Paldi the Ghost Town: Part 1

Posted: 28th October 2011 by ToadHollowPhoto in Photography
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We’ve driven past the road signs countless times before and wondered what was behind them.  Having lived on Vancouver Island since 1980, I am pretty much familiar with all the high points on the island here in terms of history and things of interest…  but this was news to me.  A ghost town?  In our midst?

Welcome back to The Hollow today, everyone, we’re going to run a 2 part special series here today and Monday for Halloween.  The only thing is, this is a true story.  Every word.

In the early 1900’s, a young man lived in the town of Paldi in the Punjab region of India.  He had dreams to come to Canada to build a bright future for himself and his family.  I can’t help but wonder if he realized the impact he would have on the region.  In 1955 Mayo Singh Manhas passed away, leaving a huge legacy that still lives on today.  This family was paramount to the formation and creation of the Cowichan Valley, building a lumber facility and a town from nothing, in the middle of nowhere.

Paldi - Cowichan Valley, Vancouver Island, BC, Canada

Paldi - Cowichan Valley, Vancouver Island, BC, Canada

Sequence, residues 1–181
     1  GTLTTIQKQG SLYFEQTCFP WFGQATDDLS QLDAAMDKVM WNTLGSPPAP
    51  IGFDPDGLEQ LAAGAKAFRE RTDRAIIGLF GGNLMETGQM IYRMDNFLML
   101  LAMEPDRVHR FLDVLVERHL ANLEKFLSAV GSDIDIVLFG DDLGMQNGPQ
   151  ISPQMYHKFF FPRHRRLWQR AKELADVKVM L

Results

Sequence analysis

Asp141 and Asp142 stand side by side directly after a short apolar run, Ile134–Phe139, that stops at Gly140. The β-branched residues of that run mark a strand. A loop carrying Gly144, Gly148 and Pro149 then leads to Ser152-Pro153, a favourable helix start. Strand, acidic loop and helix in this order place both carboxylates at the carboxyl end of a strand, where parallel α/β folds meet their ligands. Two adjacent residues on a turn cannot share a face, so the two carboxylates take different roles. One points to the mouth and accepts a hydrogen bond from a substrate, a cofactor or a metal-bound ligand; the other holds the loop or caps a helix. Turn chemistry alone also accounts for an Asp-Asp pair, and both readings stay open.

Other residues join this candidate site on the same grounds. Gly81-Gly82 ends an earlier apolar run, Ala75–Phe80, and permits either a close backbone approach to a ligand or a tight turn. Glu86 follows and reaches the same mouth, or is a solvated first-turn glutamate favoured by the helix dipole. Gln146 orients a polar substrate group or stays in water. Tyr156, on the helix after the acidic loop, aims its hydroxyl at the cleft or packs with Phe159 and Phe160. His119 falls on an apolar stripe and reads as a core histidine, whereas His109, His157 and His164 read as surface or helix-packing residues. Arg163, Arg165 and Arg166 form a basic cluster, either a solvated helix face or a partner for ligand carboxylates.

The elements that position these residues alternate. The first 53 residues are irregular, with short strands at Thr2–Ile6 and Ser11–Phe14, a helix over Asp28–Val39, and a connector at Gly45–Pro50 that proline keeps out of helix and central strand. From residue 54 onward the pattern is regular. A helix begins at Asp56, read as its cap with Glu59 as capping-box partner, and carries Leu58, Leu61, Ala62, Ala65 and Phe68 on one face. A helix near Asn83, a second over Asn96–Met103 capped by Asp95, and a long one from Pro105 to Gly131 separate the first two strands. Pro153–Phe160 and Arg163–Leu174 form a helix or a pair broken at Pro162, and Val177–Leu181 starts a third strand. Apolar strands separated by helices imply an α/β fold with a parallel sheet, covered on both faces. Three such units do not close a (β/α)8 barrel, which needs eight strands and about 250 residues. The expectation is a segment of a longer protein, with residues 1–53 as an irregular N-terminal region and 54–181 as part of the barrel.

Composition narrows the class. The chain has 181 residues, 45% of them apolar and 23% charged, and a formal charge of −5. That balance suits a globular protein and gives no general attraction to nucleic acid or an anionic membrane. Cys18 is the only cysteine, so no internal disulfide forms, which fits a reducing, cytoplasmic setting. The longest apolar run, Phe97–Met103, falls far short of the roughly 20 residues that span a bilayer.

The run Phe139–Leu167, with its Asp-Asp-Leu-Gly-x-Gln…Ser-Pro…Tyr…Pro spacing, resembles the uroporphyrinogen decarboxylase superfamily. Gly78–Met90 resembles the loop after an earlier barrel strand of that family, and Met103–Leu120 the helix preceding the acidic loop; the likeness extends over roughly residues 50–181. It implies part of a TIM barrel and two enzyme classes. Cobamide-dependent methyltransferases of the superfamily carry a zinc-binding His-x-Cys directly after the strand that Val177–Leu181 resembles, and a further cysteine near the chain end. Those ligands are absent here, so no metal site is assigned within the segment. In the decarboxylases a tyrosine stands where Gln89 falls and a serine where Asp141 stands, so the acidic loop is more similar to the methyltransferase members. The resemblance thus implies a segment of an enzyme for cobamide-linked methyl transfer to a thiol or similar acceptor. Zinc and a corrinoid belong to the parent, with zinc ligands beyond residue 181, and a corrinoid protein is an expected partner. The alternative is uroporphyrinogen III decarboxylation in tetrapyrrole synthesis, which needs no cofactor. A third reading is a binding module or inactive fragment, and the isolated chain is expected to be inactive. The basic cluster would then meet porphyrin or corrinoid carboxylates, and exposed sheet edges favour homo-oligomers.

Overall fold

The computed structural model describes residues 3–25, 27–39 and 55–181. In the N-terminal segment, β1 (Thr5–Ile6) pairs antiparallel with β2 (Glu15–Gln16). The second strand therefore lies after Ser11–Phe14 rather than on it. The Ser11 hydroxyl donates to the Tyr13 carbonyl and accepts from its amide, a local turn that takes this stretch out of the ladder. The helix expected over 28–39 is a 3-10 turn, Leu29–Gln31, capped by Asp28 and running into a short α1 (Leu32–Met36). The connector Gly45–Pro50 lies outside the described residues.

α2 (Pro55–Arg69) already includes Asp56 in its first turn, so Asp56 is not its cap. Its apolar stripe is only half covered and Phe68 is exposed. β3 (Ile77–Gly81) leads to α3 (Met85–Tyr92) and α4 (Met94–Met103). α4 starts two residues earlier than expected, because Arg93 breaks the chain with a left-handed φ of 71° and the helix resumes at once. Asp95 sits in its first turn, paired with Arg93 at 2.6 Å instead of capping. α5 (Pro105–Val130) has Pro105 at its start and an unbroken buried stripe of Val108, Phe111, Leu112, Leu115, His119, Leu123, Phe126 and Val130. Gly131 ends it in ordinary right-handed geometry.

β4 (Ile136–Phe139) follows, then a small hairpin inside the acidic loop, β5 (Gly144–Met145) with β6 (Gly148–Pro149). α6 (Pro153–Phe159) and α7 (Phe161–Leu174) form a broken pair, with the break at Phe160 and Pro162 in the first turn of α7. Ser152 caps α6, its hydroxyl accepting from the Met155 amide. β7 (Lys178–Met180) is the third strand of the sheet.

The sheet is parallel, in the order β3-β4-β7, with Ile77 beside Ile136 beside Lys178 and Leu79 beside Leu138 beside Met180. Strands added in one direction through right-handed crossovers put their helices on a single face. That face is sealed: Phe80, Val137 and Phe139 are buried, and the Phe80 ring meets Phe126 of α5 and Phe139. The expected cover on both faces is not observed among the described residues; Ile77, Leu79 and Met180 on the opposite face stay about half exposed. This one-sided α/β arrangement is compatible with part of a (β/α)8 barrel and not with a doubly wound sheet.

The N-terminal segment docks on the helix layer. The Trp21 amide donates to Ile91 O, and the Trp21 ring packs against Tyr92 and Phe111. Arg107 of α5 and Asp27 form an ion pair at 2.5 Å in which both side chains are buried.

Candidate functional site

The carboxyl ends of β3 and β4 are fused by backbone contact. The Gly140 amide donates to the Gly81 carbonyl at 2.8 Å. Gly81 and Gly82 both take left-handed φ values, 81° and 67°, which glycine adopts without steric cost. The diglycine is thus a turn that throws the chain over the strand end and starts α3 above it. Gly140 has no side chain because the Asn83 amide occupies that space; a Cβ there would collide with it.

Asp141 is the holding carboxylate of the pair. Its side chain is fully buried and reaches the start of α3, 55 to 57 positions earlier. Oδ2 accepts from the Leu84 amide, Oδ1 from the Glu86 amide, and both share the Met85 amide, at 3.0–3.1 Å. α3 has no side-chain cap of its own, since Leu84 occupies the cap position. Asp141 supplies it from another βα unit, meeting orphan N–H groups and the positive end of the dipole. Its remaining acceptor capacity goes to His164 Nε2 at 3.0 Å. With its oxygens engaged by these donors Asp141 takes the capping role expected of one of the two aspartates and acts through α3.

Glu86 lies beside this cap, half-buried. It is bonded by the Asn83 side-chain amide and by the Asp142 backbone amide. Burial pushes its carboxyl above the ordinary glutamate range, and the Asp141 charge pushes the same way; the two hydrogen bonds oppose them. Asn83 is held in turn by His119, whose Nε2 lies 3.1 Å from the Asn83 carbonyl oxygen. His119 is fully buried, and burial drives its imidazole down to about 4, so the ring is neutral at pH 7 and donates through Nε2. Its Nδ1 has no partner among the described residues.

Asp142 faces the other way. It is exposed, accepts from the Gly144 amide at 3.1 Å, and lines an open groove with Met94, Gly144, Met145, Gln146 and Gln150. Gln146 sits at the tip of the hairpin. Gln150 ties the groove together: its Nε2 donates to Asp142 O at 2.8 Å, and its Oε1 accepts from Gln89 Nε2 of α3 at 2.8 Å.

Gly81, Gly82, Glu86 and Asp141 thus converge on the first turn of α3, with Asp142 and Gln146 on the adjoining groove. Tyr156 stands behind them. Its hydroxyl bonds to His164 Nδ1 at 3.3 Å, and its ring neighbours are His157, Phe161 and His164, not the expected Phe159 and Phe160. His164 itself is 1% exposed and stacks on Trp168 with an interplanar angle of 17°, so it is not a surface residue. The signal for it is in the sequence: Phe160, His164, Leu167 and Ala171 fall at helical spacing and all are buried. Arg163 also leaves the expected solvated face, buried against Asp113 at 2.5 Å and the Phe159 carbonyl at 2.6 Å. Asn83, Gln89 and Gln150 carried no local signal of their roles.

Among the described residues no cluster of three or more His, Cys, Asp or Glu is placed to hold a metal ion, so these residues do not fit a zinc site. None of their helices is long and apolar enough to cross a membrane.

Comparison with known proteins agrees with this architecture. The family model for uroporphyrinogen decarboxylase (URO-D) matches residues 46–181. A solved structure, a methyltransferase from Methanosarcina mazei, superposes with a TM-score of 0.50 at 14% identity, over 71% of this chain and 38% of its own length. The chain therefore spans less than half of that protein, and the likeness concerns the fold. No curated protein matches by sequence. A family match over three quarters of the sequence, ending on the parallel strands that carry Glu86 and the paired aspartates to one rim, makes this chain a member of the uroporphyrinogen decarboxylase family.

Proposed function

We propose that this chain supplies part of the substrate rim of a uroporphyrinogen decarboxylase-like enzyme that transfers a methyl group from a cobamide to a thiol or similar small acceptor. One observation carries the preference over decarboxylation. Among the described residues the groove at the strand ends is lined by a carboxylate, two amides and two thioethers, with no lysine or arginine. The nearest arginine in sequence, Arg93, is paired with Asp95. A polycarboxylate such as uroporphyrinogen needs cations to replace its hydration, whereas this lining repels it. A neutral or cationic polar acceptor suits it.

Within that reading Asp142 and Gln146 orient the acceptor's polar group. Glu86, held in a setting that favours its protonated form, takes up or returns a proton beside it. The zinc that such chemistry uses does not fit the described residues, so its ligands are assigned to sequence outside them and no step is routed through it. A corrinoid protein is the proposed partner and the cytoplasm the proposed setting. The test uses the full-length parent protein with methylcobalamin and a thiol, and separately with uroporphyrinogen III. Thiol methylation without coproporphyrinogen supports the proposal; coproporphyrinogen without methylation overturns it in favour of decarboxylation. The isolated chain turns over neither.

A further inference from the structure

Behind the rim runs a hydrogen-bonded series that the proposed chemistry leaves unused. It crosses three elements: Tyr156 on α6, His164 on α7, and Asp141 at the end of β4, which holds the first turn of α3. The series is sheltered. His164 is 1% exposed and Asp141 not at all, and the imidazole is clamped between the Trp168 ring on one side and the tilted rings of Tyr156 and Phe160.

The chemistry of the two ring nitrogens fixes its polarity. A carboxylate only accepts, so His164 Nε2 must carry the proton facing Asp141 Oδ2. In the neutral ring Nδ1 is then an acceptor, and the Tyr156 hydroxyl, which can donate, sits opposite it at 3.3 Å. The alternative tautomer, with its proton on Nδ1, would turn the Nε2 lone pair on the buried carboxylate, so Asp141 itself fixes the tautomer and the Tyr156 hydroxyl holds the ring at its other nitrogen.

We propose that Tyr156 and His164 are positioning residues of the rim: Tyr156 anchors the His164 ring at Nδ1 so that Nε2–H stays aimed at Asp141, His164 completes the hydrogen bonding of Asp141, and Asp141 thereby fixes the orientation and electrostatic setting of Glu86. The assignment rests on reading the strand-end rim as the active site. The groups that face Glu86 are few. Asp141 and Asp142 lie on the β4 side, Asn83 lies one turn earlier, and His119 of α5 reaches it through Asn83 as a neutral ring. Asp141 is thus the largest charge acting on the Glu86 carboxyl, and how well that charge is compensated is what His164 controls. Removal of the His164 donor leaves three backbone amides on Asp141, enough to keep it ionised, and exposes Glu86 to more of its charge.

As you come into town the way it sits today, the only remaining active structure left is that of the Sikh Temple.  As the town was being formed during a difficult time in world history, Mayo truly had a vision to create a community for the people, of the people.  He welcomed and fostered a diverse and multicultural  population that in short order grew to the point where the town had a corner store and its own high school.  A picture from circa 1920 shows the town as it was during the boom times.

Paldi - Cowichan Valley, Vancouver Island, BC, Canada

Paldi - Cowichan Valley, Vancouver Island, BC, Canada

The temple itself is well maintained, and we understand it is still in active use.  It seems to be an odd entity, living by itself in the midst of a huge tract of land that bears little in terms of structures.

As Mrs. Toad and myself stood here on this hot summer day, planning our shoot and taking in our surroundings, the wind gently blows through the tall unkempt grasses, and the only real sound we could hear was that of water trickling.

Paldi - Cowichan Valley, Vancouver Island, BC, Canada

Paldi - Cowichan Valley, Vancouver Island, BC, Canada

Deep wells continue to provide water to the town.  No one is here to take it, though, and the trickle of the faucet only serves to hydrate the vegetation.